More Ohio drivers might be using their phones to text and send emails while behind the wheel. However, it is still not clear whether this means that deaths from distracted driving are on the rise. Knowing whether a crash was caused by a distracted driver usually relies on someone in the accident self-reporting or investigators being able to examine drivers' phones. This can make gathering reliable data difficult.
On Jan. 24, the Insurance Institute for Highway Safety released the results of a study that compared observational surveys carried out in 2014 and 2018. Researchers found that 57 percent more drivers in 2018 were seen using their phones for uses other than talking than in 2014. However, talking on the phone while behind the wheel actually appeared to be on the decline. Other research supports these findings.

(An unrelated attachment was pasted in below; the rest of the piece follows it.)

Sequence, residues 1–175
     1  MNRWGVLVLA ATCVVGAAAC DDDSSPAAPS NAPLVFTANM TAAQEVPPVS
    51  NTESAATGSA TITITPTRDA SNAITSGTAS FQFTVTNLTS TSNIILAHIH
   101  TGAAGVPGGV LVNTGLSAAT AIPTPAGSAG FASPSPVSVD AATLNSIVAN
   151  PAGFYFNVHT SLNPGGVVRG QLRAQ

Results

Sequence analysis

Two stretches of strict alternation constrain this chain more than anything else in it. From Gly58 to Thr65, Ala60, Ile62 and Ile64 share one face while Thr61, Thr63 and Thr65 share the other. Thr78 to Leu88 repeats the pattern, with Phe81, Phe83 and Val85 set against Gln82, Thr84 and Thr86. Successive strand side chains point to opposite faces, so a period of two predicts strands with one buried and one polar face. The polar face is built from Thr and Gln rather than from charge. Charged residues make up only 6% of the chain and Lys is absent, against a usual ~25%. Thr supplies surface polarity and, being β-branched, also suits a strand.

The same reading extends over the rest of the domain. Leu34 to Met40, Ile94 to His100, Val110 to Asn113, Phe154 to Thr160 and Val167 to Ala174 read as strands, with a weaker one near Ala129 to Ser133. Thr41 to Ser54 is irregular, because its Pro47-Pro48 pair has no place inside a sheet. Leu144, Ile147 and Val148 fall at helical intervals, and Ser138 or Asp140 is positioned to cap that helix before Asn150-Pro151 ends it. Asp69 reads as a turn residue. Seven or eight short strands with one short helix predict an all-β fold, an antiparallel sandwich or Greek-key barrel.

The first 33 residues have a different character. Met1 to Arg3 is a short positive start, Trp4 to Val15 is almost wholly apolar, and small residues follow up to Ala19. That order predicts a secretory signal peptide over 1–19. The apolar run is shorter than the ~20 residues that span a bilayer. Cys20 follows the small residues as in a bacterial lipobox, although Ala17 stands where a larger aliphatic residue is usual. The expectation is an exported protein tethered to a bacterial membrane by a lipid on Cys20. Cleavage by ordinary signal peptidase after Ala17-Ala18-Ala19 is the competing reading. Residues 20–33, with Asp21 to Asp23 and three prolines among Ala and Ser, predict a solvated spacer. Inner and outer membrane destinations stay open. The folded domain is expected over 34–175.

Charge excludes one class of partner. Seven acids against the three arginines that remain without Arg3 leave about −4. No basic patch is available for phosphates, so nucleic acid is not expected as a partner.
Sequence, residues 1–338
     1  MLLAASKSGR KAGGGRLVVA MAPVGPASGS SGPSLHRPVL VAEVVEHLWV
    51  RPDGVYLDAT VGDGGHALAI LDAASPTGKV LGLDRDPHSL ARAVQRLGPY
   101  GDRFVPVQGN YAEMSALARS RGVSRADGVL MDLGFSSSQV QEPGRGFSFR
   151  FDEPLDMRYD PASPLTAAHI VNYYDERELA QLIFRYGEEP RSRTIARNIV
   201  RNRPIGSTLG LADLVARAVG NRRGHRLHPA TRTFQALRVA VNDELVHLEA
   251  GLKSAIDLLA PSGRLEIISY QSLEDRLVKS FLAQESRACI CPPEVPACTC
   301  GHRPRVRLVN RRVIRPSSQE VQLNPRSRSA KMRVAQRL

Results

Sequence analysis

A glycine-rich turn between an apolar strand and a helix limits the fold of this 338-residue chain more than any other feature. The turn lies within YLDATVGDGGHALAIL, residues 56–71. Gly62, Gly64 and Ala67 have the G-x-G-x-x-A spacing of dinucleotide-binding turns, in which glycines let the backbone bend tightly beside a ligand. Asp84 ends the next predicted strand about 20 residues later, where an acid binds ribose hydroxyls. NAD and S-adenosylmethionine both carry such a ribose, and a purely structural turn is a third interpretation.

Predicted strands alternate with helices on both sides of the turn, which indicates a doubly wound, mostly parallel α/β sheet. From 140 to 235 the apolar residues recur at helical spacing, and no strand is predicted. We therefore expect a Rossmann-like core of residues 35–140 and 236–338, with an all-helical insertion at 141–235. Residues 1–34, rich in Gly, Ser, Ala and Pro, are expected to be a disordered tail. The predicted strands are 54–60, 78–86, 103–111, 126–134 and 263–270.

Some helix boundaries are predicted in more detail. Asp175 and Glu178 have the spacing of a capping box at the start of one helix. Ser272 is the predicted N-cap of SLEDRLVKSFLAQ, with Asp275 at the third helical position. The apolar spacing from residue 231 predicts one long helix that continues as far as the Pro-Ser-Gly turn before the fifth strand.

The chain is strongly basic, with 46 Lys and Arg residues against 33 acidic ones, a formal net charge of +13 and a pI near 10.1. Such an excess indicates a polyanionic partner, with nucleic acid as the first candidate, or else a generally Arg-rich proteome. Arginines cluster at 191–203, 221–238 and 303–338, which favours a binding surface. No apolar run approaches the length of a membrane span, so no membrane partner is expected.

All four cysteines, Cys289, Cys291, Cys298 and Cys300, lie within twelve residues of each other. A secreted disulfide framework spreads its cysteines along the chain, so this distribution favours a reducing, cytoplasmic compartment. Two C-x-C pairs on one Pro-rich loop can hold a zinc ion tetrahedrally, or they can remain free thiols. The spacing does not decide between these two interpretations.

The IIHS estimates that over 800 traffic fatalities in 2017 may have been caused by using cellphones for purposes other than talking. This is based on research that found that drivers are 66 percent more likely to be in an accident when using a phone. Other distracted behaviors can be dangerous as well. Even drinking a beverage or talking to children in the car can affect how the driver takes in information.
Drowsy driving, speeding and driving under the influence are all actions that can also cause motor vehicle accidents. When a person suffers a serious injury in such an accident, they could be owed compensation by the driver who is responsible. However, sometimes obtaining sufficient compensation is a struggle. For example, a traumatic brain injury can be serious, but symptoms often only appear after a delay. An insurance company may claim the TBI is unrelated. An attorney might help negotiate compensation or help file a lawsuit.